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swimsuit addict

Pool Crafts 101: Customize Your Pull Buoy!

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Swimming pools are beautiful. Sparkly blue water, beckoning lane lines . . . what’s not to appreciate?
The things you find around swimming pools are a different matter. Dented aluminum benches, overstuffed bins filled with mildewed kick boards and water aerobics equipment, sad deflated toys, piles of pull buoys. Lots and lots of pull buoys. All alike and charmless. Definitely an unbeautiful sight.
You can do your part to remedy this situation! Customize your pull buoy in a few easy steps. Not only will you be doing your part to beautify your aquatic environment, you’ll also be able to quickly sort out your own personal buoy from the jumble of equipment at the end of your lane.

You will need:
*A pull buoy, the kind with 2 foam cylinders attached by webbing or cord:


(Note: Kiefer makes these in bright colors in various sizes):





*Some beautiful ribbon (about a yard long)

*Scissors

*A safety pin

(Difficulty rating of this project: 50 Backstroke)

Note: Ribbons come in all sorts of beautiful colors in patterns. Pick something colorful that will contrast with the blue or black webbing material found on standard pull buoys. It will work better if your ribbon is the same width as the webbing in your pull buoy.







Directions:
1. Untie or disconnect the two loose ends of the pull buoy’s webbing, and, if there is a plastic spacer, remove it.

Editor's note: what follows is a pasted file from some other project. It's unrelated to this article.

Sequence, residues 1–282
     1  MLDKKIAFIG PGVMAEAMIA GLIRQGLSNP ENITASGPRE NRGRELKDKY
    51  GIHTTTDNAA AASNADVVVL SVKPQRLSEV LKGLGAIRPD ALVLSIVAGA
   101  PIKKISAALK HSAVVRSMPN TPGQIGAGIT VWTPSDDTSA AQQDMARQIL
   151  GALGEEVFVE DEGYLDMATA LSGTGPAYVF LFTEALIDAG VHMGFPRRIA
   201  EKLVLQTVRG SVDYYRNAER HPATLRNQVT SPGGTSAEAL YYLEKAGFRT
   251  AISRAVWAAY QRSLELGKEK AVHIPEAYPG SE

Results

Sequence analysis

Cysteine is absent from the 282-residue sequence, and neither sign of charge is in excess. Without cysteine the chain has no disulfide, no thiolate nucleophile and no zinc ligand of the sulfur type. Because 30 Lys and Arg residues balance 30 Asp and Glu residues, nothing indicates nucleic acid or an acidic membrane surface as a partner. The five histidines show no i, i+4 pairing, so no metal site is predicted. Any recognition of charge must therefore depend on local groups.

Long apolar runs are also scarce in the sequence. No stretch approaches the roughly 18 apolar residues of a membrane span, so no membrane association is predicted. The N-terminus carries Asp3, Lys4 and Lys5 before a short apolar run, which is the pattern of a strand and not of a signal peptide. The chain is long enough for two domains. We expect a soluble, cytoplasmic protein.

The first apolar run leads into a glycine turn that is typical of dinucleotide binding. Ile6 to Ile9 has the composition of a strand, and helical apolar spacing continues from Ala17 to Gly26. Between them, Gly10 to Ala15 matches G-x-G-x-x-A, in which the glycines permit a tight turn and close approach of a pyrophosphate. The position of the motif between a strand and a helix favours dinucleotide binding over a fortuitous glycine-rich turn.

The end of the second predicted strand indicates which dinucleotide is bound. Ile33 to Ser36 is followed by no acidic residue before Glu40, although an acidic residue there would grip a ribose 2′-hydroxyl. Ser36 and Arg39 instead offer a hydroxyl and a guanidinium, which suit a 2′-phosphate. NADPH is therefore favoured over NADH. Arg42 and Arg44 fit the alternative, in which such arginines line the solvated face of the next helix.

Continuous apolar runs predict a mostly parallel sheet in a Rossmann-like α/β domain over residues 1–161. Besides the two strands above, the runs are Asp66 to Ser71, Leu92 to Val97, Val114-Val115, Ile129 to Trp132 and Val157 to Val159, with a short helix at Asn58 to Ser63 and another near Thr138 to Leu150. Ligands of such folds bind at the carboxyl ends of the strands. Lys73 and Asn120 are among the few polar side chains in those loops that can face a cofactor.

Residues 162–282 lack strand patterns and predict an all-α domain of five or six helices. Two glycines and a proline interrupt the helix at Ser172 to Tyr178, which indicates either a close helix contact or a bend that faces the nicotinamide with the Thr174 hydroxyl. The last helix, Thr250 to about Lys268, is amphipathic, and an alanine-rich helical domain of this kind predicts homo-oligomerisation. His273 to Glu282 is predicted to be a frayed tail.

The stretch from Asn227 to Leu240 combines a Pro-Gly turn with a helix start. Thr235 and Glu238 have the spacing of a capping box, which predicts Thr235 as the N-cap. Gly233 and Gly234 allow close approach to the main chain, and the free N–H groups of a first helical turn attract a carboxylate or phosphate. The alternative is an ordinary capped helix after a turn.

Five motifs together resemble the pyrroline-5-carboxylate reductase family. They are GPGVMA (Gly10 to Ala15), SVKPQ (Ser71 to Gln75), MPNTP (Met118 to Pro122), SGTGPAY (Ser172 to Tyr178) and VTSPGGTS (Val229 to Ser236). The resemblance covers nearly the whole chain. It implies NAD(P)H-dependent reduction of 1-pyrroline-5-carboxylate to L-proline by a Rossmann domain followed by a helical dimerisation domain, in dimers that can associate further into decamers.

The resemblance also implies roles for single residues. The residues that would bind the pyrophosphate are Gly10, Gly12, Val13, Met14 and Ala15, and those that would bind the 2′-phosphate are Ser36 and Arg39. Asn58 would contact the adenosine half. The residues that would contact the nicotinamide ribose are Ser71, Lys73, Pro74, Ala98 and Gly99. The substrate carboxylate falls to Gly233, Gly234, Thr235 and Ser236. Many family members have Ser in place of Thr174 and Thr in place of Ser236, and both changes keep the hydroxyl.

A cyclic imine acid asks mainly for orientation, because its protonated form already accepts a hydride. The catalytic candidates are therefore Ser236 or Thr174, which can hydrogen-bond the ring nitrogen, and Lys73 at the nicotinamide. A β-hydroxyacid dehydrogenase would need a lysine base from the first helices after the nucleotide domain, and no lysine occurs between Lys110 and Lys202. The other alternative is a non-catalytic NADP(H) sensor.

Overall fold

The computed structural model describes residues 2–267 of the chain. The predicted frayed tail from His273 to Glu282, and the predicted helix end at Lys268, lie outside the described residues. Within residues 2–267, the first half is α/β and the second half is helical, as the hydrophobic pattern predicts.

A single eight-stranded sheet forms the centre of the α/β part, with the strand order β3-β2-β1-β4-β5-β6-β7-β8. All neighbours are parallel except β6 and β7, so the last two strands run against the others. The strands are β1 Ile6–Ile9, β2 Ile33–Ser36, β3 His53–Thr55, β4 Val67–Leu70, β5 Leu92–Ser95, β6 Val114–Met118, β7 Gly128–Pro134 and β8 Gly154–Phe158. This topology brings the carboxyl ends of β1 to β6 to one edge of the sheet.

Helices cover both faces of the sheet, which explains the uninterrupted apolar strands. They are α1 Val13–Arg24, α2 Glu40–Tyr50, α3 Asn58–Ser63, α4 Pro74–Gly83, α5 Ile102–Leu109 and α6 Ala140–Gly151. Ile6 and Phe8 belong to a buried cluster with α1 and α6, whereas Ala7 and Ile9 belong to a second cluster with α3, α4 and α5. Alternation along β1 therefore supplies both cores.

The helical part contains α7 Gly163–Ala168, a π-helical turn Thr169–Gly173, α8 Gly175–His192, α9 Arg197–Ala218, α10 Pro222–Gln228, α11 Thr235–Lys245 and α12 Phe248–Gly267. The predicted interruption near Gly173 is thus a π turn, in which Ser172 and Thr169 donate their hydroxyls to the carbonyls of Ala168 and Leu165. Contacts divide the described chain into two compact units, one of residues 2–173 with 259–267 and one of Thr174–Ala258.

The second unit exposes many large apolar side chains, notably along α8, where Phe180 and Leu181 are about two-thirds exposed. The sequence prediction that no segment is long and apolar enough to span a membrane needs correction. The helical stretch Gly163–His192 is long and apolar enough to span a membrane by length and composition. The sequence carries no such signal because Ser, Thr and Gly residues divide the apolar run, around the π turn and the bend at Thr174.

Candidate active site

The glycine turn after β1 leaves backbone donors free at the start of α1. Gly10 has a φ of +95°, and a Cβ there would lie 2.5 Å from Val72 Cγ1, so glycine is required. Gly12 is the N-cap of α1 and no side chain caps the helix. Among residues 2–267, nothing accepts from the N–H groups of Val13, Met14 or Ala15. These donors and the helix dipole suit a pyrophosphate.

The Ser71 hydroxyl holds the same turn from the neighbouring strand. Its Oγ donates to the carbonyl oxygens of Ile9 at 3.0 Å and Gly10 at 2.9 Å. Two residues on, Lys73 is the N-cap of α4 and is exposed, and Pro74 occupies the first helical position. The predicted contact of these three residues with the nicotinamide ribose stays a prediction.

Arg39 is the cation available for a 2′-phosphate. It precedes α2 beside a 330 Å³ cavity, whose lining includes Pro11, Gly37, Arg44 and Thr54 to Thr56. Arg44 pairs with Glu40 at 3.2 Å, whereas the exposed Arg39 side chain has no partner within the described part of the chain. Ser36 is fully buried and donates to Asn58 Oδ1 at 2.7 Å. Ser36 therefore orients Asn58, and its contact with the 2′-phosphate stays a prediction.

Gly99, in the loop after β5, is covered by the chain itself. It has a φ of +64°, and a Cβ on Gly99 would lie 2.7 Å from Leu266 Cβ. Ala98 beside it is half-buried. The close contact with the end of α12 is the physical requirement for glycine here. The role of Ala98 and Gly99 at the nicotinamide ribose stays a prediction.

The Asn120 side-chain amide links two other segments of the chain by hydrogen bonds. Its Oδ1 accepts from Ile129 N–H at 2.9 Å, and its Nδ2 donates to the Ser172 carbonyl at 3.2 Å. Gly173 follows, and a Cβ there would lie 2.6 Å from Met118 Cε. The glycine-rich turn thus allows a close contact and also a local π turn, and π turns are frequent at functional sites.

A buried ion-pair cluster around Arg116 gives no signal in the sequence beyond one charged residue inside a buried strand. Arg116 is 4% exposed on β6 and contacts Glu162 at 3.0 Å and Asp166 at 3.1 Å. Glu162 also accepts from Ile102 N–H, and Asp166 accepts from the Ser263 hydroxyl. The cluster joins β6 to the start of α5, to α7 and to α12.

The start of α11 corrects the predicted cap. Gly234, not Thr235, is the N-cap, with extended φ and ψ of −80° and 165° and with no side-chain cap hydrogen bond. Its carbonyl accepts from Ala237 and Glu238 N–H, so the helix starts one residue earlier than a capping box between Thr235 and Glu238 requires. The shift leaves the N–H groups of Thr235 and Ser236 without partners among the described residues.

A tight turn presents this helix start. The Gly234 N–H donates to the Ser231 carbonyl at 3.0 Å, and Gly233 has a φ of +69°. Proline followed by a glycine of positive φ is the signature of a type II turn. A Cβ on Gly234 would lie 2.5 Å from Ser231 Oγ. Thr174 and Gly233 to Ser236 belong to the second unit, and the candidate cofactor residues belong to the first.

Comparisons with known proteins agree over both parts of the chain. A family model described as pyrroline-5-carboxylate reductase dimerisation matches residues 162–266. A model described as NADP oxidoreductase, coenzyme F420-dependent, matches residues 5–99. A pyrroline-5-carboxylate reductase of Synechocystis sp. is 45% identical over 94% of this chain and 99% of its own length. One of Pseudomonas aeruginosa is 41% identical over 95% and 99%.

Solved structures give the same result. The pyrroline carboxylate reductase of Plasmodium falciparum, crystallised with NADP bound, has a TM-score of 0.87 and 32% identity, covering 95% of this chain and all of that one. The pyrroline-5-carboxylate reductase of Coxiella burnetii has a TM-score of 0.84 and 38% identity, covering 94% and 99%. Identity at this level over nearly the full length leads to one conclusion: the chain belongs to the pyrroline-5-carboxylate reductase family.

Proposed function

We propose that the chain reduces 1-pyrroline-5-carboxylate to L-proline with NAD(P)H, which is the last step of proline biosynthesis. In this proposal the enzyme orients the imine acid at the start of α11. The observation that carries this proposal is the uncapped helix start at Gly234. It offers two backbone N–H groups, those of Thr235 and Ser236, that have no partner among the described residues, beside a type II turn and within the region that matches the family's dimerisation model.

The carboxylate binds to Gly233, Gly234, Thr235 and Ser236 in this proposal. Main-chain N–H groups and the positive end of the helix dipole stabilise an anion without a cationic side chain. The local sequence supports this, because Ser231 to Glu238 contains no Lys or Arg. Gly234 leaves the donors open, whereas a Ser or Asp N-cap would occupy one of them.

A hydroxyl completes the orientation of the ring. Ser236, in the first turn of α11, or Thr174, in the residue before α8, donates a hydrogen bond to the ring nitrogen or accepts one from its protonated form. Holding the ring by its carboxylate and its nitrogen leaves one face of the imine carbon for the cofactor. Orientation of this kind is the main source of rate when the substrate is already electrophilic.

2. Next, with the webbing still in the pull buoy, overlap your ribbon with one end of the webbing, and fasten them together with the safety pin. Now you can simultaneously pull the original webbing out of the small slots in the styrofoam cylinders while pulling your ribbon into them. If there is a plastic spacer on the other side of the pull buoy you will need to unpin the ribbon, work the webbing out of the spacer, repin, then complete the threading. You can discard the plastic spacer, or thread your ribbon through it.

3. When the original webbing is completely out of the pullbuoy and your ribbon has been threaded completely through it, unpin the two. Adjust the spacing of the two cylinders to suit you, then tie off the ribbon in a beautiful bow and trim the ends neatly.

Voila! Now you can do those pull sets in style!

Next up in this DIY series:
“Liven Up Your Kick Sets: Using Spare Mr. Potato Head Parts to Create Kickboard Portraits of Your Coach and Teammates!”

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Comments

  1. Bobinator's Avatar
    Great idea SA!
    I'm afraid the chlorine will eat the ribbons up fairly fast.
    Or else fade the ribbons quickly.
  2. gigi's Avatar
    I "decorate" my pull buoy with the combination to my current padlock...I've lost a lot of these over the years so there are a lot of numbers on there
  3. swimsuit addict's Avatar
    Thanks Bobinator! I actually used a pretty sturdy-seeming striped grosgrain ribbon on mine, and it hasn't suffered any noticable fading or deterioration (except the cut ends, which have unraveled a bit.) Silk ribbon or other delicate materials would probably not be advisable.

    Gigi--In the past I've decorated swim paddles by writing all the stroke corrections I've gotten from swim coaches on them. Soon I needed bigger paddles!